XXVII.

They managed to start a fire. Warmth and aromas of foods roused the woman to her consciousness. The name was “Ting,” like the drumming of rain on metals.

She was honest enough to not make up an excuse for her acts of self-harm, beginning to unfurl a tale as a modest payment for her salvation. So the story was as follows.

“A few months ago I was married to my friend since childhood,” At this she paused, sighed. “He was…such a man, great-humored, well-loved for his jovial merits. I became with child through him, and I thought us on the peak of happiness…we even had a new house, finer rooms for our children…” Lyra could almost guess the end to the tragedy. “One night, only a fortnight since I’ve been made aware of my child, I was struck with a fever of sorts. ‘Tis late, and I was forgetful to draw water earlier that day. So, he set out to the well, though he never returned…They found his body a few days later…in this very same river…bloated beyond recognition besides our wedding band…” At this she swallowed a sob. “I was devastated, drowned in guilt and shock…and senseless sorrows killed my unborn child…” This sob escaped her. “The village…they thought I was desperate enough to purposely kill my own child. A faithful friend of mine enlightened me of the town’s intentions of hanging me, thus allowing my escape…”
The savagery of human assumptions deemed Lyra dumbstruck even though the concept was not completely foreign, but was not yet familiar enough to her for her to be completely numbed, “I…I am sorry.”

“That should be my line, really, for me to attack you even though you were saving me,” Ting beheld her hand as though she was in disbelief of its work. “Thank you.”

There’s a pleasant burden called life that most would not find so welcoming ‘lest they had walked the tightrope of mortality.

They drifted to the shallows of conversation before Lyra saw that the woman dozed and struggled to maintain conversation and urged her to rest. Ting thanked her once again before taking to innocent repose while Lyra reached out to her companion’s mind.

Alde?

Jiube told me a little of the incident…are you hurt?

While I did almost drown while your fluffy friend is too afraid to help, I am perfectly fine. Still not sure if I did such a stupid thing…

…Last time I checked, Jiube’s perfectly fine with a little swim.

Well, during the whole affair, your familiar kind of just screeched and paced by the shores.

What is the woman’s name, again?

Ting. Ting from the Yellow Mountains Village? What’s wrong?

I suspect something is foul, thus she is the object of Jiube’s fears for he is not afraid of a simple body of water.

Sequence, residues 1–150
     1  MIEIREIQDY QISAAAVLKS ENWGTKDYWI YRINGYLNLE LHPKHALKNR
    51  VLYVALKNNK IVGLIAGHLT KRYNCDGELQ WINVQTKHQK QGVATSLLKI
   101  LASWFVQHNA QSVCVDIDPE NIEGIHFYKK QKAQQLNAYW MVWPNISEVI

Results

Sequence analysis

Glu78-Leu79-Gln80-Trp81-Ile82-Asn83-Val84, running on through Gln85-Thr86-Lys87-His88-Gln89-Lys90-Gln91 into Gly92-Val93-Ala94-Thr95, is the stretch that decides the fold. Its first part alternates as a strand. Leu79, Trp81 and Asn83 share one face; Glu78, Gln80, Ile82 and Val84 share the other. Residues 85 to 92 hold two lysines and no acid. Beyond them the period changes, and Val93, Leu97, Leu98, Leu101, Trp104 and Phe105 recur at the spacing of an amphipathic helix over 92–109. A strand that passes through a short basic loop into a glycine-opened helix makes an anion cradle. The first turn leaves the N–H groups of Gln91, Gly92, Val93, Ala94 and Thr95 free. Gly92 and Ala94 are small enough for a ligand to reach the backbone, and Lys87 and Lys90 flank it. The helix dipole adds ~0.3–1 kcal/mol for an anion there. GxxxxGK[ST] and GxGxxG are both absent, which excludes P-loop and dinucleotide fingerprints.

That’s certainly very assuring. I will be on the watch as though I wasn’t so before. Can you affirm her story, then?

Already on the way.

Sympathy is monstrous, at best, and she found herself almost ready to trust all over again. She watched the peaceful mask of sleep that nearly erased the tear stains of a nightmare retold upon Ting’s facade. Should mankind live in constant jeopardy of each other’s opinions? She killed the imagination that began to move stories to fill the loopholes of Ting’s tale. In her deep state of contemplation she found her gaze falling back upon the subtle splashes of water lapping at sandy banks, resuming her previous fixation with the reflections of the sun.

It was intoxicating, the scales of lights bobbing up and down the waters.

She never remembered ever being so interested in nature. Tracing her gaze down the streams she found herself strolling, her feet joining her mind in aimless meandering. The sky was blue, the stream was blue and so was her mind.

The icy skirts of the stream lapped by her feet and she woke up. “What…” Where had she gone? The stream was the same, the woods unchanged, though she had clearly wandered in a trance unrecognized to the edge of the treacherous river.

She attempted to retrace her own tracks from the pebbles she disturbed, following the thought that went as wayward as her path. Still, she only recently qualified as a beginner at tracking — having only been Aldebaran’s pupil of late — and soon enough, once she escaped the soft, impressionable cushions of sand and found dried earth she could hardly make out her way.

How did she wander so far? The shadows and their casters were unfamiliar, while she evaluated the risks of calling aloud for Jiube or Ting walking down a natural path.

Then she saw it, a figure wrapped in blue. Idiotic relief was the harbinger to sudden panic as she approached it, realizing that she was within its plain sight and, as distance closed, the figure was not walking, but zooming into focus with a silent glide. Instincts turned her around and urged her to run, taking to the route to the river instead.

Yet, there was no river. The paths sloped to an incline that, once she sprinted up the hill, a dot of brilliant blue zoomed towards her all the same. She gasped, turning instead into the entanglement of dense overgrowth, branches and leaves giving potential shelters.

Shelters, she realized, for both her and…it.

Alde, where are you?!

The silence was a deafening clang about her, and each clang made her deaf to her lungs’ cry for air and the cold breath trailing down her back. She found a covering and stopped to catch her breath. The trees swerved, danced, and she hated them as they shifted out of the way for that blue figure to be immediately before her again.

She screamed and shoved at it, sprinting once again until arms locked her down, forcing her onto her back in the dense wilderness, face to face with the blue figure.

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